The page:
Amount Of Hazardous Material Seeping From Landfill Unknown< < Back to
The Ohio Environmental Protection Agency is not sure how much hazardous material is escaping from the Green I Landfill located along Hunters Woods Road, according to EPA Spokesperson Heather Lauer.
"There are several different areas where there is leachate that has escaped from the landfill itself," Lauer told The Logan Daily News Friday afternoon. "We don't know (how much there is). Because it's leachate, you're looking at how much water is getting in and how much water that comes in contact with waste."
A heavy rainfall creates more leachate as the rain seeps into the ground and comes in contact with the landfill below the soil. Once the leachate forms, it finds the most resistant path and leaks in various places around the landfill.
"If we have a really wet period of time and get a lot (of rain) that gets in there, then you could have a lot coming out," she noted. "It could be more diluted or less diluted, we just don’t know. That’s part of the reason we want to get it closed and capped and excluded from the elements."
The Green I Landfill site was in operation from 1970 to 1974, and there is an estimated 5,000 barrels of hazardous waste from Goodyear Tire & Rubber Co. and General Electric. In 1991, local residents and EPA officials started the process of attempting to cap the 10.5-acre area.
Contaminants leaching out from the 10.5-acre landfill which pose a threat to human health or the environment include, according to the EPA, acetone, benzene, benzoic acid, carbazole, ethylbenzene, trichlorothene, 1.4-dichlorobenzene, polychlorinated biphenyls and vinyl chloride.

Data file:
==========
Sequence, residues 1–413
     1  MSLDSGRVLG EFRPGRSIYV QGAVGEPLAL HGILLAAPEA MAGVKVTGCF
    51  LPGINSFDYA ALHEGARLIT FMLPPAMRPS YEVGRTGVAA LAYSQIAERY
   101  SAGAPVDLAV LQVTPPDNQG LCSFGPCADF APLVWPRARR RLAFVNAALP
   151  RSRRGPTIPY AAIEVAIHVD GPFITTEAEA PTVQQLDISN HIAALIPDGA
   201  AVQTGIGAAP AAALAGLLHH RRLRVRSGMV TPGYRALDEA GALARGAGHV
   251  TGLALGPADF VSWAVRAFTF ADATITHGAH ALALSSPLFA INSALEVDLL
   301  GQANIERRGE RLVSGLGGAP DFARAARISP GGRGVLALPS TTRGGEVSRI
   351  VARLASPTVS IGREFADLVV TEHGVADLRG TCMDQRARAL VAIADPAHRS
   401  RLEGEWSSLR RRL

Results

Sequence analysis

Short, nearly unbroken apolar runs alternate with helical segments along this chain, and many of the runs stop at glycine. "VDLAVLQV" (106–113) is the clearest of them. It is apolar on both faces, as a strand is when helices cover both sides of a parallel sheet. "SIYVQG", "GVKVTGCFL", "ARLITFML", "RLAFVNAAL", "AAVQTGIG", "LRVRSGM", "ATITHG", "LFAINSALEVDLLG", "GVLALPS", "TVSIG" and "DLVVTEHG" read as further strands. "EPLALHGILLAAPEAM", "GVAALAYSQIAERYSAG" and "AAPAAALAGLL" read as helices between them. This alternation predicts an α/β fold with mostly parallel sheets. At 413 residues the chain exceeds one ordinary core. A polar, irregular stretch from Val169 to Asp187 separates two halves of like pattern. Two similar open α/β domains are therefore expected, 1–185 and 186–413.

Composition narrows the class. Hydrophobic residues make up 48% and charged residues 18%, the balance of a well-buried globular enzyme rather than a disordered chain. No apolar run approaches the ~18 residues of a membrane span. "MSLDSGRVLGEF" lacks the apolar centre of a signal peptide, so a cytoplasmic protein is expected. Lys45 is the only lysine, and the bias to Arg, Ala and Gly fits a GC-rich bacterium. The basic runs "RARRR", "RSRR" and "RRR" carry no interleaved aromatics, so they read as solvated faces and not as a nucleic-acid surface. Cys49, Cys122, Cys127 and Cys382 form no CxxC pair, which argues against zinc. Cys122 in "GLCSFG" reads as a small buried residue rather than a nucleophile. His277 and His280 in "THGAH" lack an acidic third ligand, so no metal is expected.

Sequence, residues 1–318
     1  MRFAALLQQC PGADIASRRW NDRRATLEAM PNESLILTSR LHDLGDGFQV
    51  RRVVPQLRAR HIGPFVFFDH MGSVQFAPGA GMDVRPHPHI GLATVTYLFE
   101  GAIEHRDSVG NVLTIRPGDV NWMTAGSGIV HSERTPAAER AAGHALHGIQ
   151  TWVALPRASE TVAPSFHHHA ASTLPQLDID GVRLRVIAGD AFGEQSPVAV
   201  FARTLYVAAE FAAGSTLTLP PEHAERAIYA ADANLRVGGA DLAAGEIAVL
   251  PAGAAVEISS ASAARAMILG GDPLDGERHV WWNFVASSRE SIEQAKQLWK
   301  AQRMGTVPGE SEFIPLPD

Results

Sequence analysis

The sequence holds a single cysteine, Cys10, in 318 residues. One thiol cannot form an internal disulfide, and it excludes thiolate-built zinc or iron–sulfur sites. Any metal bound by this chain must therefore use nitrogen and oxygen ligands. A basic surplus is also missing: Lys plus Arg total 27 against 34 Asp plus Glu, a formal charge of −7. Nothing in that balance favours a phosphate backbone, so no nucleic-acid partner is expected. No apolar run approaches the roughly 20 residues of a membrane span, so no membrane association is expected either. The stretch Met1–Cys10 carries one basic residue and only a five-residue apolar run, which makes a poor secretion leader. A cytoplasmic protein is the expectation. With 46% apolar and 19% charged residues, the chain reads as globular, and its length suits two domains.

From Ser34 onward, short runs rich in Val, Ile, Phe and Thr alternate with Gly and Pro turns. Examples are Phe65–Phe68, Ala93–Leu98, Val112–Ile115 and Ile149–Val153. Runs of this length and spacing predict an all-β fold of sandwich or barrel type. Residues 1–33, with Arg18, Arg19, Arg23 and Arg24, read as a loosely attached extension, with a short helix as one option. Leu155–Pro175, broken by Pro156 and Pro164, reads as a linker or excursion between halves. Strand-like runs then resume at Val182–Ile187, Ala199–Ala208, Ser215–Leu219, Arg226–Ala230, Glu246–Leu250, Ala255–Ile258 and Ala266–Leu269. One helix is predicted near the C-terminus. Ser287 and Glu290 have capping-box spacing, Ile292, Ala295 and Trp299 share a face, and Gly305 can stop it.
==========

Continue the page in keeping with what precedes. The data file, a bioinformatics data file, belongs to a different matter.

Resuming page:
The EPA has taken precautionary measures to monitor the leachate’s migration into neighboring areas, including drilling wells to monitor the depth at which the materials travel, as well as well water testing at neighboring homes. Fencing also has been constructed around the leachate sites to prevent people and animals from coming in contact with the materials.
The contaminants have been detected in shallow ground water but not the deeper regional aquifers used by residents as a source of potable well water. According to the EPA, periodic well sampling has taken place since 1985.
The EPA issued a cleanup plan for the landfill in December 2010, but Goodyear appealed the decision. The plan included placing a water-tight cap over the entire landfill.
According to Michael Sherron, site coordinator with the EPA’s Southeast District Office in Logan, the agency is back in the planning stages after Goodyear’s appeal, and held a public hearing in Logan on Wednesday evening to hear the concerns of local residents.
Several local residents voiced concerns about their well water, landscape of the area and condition of the roadway if construction begins.
The input will be used by the EPA to determine how to cap and cleanup the landfill site again, although the agency’s final decision could be appealed by Goodyear again.
Sherron said once cleanup is complete, the EPA hopes to eliminate 90 percent of the leachate.
Input from local residents about the cleanup is still being sought. Those interested in providing comments or concerns can address them to Michael Sherron, site coordinator, Ohio EPA Southeast District Office, 2195 E. Front St., Logan, Ohio, 43138; fax 740-385-6490; or email email@example.com.
Comments will be accepted through the end of the business day on Friday, Feb. 21.